Kurdish militia ‘terrorizing’ Arabs and Turkmen in Iraq’s Kirkuk
Azzaman, October 2, 2010
Arab and Turkmen in the disputed and restive Province of Kirkuk say Kurdish militias are forcing many of them flee their areas.
The charges come only a few weeks to the population count which the government wants to conduct. The new measures by Kurds are said to be part of a calculated and orchestrated strategy to turn the count in Kirkuk to their advantage.
“Kurdish security forces, known (locally) as Ashawees, have withdrawn papers from Arab immigrants in the city and have warned them to leave within 24 hours,” said member of parliament Omer Khalaf who represents a constituency in Kirkuk.
“The people of Kirkuk ask the government to protect them against such terrorizing measures,” he said.
The oil-rich Province of Kirkuk is an explosive issue in Iraq. Kurds have vowed to add it to their semi-independent enclave in northern Iraq. Arabs and Turkmen say the province should be administered by the central government in Baghdad.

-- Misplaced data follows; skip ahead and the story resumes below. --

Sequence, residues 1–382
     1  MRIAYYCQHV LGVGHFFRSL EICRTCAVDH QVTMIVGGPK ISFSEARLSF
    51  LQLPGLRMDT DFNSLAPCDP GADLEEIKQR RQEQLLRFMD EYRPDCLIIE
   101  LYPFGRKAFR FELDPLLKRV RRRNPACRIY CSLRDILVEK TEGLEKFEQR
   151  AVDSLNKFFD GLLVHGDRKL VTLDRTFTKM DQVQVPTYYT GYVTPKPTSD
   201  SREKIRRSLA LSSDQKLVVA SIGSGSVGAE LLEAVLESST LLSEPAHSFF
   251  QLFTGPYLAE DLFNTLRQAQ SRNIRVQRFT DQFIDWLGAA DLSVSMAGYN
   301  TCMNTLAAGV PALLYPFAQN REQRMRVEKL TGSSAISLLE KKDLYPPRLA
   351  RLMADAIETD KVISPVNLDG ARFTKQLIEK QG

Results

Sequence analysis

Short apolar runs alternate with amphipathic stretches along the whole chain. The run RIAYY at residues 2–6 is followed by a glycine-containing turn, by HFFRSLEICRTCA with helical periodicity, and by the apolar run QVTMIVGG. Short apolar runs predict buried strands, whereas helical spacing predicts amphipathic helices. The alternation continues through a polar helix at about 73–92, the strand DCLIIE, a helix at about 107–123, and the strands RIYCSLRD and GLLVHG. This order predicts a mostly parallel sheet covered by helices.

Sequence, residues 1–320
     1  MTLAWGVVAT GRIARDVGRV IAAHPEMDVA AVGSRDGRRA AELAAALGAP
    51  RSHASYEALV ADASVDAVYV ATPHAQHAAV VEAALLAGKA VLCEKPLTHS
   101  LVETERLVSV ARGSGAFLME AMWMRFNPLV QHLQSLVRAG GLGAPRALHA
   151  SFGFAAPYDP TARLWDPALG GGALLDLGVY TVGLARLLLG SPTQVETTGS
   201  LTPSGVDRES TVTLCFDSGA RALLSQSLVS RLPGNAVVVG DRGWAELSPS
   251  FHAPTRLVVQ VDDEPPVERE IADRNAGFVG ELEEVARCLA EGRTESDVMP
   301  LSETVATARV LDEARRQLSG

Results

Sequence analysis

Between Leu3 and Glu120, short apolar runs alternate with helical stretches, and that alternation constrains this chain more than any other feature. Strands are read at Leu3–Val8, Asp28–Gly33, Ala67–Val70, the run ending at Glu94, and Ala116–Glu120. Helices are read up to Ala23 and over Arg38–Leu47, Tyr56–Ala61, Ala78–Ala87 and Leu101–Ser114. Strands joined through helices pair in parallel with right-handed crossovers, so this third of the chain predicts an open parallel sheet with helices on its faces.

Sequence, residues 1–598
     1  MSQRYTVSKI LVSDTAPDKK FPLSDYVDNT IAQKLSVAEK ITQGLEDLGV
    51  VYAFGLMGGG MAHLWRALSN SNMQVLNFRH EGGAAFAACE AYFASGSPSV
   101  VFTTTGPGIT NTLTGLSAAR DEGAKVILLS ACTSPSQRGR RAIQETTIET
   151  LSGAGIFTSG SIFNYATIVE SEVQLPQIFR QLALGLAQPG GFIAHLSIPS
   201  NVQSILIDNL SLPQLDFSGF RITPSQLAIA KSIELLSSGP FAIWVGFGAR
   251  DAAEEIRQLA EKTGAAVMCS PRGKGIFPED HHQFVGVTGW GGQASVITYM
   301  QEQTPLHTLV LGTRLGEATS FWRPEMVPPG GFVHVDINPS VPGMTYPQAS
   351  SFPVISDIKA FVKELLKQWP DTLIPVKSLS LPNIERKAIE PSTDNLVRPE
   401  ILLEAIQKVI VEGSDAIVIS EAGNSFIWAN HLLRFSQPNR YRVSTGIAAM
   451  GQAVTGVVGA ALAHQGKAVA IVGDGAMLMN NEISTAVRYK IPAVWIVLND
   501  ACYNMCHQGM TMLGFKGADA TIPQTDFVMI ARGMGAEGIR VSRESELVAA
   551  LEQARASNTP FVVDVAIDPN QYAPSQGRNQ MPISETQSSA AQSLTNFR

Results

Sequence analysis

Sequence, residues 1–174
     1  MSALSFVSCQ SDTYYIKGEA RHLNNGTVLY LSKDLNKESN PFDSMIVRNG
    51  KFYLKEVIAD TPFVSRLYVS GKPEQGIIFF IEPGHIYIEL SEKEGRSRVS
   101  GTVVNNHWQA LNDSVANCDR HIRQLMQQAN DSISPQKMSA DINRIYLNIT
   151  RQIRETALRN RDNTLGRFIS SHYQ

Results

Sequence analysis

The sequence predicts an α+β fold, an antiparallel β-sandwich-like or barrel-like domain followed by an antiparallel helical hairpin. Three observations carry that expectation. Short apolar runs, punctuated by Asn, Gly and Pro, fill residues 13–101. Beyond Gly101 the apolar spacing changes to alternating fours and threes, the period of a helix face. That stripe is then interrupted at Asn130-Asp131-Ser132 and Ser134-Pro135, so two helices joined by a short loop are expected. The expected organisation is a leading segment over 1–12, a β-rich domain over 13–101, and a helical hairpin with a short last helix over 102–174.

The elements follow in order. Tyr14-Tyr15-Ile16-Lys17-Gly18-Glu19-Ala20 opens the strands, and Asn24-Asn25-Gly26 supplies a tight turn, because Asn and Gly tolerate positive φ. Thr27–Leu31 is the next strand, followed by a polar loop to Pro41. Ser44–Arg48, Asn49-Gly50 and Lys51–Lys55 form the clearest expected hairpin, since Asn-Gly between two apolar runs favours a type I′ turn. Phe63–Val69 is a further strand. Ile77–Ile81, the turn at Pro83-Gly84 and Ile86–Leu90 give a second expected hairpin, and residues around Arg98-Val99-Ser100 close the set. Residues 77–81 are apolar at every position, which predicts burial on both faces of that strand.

Khalaf said the Kurdish measures have escalated ahead of the census scheduled for October 24.
The Arab representative in the provincial council, Abdullah al-Asi, urged the government to send regular troops to replace Kurdish militias in control of the province.
“We have evidence of persons being threatened and warnings issued against Arabs to force leave or be killed. We have passed the evidence to the United Nations,” Asi said.
Asi said Kurdish militias and security forces have infiltrated many neighborhoods in the provincial center, Kirkuk.
“If the government in Baghdad does not send in troops, we will be forced to protect our neighborhoods and ourselves by forming special vigilante groups,” he said.
The Kurds have denied the accusations, saying their militias and security organs were not involved.
“We have no connection with the issue. These are mere allegations meant to derail the count,” said Adnan Karkoukli of the Kurdistan Democratic Party.
Sunni Arabs in general are skeptical of the count, particularly in the provinces with Kurdish minorities such as Nineveh, Kirkuk and Diyala.
They fear that Kurdish militias will meddle in the census procedures to turn the population count in their favor.